Without the Play Services, you can be reasonably sure that the Android operating system itself isn't spying on your activities. But, in turn, several Play Store apps by third-party developers don't run as well if your phone doesn't have the Google Play Services installed.
Application security hasn't been a focus much in Linux until just recently. Nothing prevents two applications, both running as the same user account, from messing with one another's data or reading any files they like in the user's home folder using the permissions that the user herself has.
All that Linux has built-in for security is user accounts and permissions set on files and folders. On web servers, you manage security by giving each application its own user account and limiting its permission to read files and folders to those strictly necessary. But on desktop Linux where the user is running several applications, all of those apps are running with the same permissions as the user and can read, delete or modify any files that the user has access to, including the settings and databases of other applications. Nothing technically prevents an app like Chromium from reading the saved passwords database of Firefox, as both apps are running as You and You Yourself have read access to the files under your home folder.
There are some methods to jail apps on Linux (SELinux, AppArmor, Docker container) but this is rarely done by default, anywhere. The main reason it isn't a problem is because your Linux distribution maintainers built all of your software, and you trust them, and the software is signed and verified. But when you go downloading software from random places online, all bets are off and malicious software can do a lot of harm with access to your home folder, where all your valuable data is. Linux's security model may prevent an app from obtaining root privileges, but if the app just wants to Ransomware all your personal data, it can do so easily.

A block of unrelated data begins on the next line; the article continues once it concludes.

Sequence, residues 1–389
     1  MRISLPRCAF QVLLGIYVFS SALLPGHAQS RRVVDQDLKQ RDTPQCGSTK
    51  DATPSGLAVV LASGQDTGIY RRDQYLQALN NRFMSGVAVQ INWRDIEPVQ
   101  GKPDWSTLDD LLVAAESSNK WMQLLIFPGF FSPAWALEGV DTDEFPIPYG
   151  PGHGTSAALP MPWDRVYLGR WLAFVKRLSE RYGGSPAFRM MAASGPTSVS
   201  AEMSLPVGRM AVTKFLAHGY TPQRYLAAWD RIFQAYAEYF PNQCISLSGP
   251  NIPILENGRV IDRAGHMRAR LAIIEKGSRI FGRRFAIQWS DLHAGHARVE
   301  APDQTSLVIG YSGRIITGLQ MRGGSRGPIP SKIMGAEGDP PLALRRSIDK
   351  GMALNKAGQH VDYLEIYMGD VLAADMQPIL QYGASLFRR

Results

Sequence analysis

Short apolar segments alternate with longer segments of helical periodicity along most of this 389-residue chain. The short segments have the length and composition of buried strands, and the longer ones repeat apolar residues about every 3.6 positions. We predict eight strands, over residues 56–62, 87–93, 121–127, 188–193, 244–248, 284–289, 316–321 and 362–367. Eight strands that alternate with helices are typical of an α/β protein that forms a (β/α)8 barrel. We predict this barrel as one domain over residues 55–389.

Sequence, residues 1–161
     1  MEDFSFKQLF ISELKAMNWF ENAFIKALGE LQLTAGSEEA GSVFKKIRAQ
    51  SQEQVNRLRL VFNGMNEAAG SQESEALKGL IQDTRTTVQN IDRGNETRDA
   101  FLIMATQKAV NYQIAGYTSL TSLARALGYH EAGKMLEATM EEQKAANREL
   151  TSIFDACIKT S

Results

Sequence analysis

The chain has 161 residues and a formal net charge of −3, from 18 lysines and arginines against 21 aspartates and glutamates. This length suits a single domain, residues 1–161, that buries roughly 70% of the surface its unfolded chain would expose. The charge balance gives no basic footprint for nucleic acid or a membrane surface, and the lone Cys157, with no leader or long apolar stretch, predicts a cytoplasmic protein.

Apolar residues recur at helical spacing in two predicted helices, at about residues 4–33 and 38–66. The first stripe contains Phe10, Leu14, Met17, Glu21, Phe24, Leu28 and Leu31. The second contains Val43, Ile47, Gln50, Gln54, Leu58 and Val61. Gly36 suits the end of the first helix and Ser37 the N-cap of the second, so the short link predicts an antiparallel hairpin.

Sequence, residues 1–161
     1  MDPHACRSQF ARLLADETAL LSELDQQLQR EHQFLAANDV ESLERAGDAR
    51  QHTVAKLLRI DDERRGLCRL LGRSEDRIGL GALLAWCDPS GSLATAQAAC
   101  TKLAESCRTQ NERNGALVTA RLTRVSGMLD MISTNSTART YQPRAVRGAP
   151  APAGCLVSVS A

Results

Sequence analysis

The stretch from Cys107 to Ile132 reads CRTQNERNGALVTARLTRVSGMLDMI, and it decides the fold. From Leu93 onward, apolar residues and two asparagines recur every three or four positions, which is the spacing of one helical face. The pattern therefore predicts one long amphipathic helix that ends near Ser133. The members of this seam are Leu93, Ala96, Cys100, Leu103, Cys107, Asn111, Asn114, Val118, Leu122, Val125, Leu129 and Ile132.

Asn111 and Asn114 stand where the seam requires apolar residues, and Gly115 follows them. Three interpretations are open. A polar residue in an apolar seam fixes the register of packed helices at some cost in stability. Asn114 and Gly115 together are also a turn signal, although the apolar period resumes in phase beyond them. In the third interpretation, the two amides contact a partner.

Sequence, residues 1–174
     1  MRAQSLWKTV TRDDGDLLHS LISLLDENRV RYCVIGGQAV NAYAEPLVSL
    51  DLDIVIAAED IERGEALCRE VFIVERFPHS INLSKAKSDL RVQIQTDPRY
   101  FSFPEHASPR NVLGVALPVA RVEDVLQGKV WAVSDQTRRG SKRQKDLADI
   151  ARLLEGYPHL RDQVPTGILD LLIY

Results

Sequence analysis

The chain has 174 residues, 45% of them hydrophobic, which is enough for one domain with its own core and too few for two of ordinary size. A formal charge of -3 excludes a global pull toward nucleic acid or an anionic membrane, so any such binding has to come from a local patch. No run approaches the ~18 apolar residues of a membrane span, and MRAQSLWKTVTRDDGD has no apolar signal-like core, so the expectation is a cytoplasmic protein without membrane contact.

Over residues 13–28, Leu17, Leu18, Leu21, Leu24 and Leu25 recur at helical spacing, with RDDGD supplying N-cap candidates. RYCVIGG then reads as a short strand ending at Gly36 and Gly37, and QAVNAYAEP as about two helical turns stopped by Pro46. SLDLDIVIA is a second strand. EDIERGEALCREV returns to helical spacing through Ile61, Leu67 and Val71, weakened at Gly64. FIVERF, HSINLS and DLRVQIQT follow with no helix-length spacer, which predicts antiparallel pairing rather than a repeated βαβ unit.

Android on the other hand has a security model and all apps are sandboxed and permissions handed out carefully. If you do happen to install a dodgy app, it can't automatically do a bunch of harm except with the permissions that you explicitly grant it when it asks. On Linux, who knows what a program with your permission level could do!
With F-Droid you can install the Aurora Store, which is a third-party client to access the Play Store and download apps there. A lot of Play Store apps will run on a de-googled phone: Spotify, ProtonMail, Outlook, Venmo, and Discord all work fine (although without push notifications in most cases). Other apps like Lyft, Uber, Snapchat or YouTube absolutely don't work and won't run.
But, you're still retaining access to many Play Store apps which is more than can be said about a Linux phone. On Linux, Anbox is an effort to run Android apps directly on Linux but it is currently rough to run and needs more memory than the Pinephone can reasonably provide it and would be considered a "last resort" for that must have Android app.
Android's had over a decade to improve their battery life and their whole ecosystem of apps were designed for mobile.
While I could force the Pinephone to be my daily driver phone, and it has enough basic apps I need (Firefox, Telegram, a KeePass password manager, maps)... it doesn't objectively give me anything that a de-googled Android doesn't except for the freeing knowledge that I'm running a GNU/Linux system that gives me full root access and contains no corporate spyware.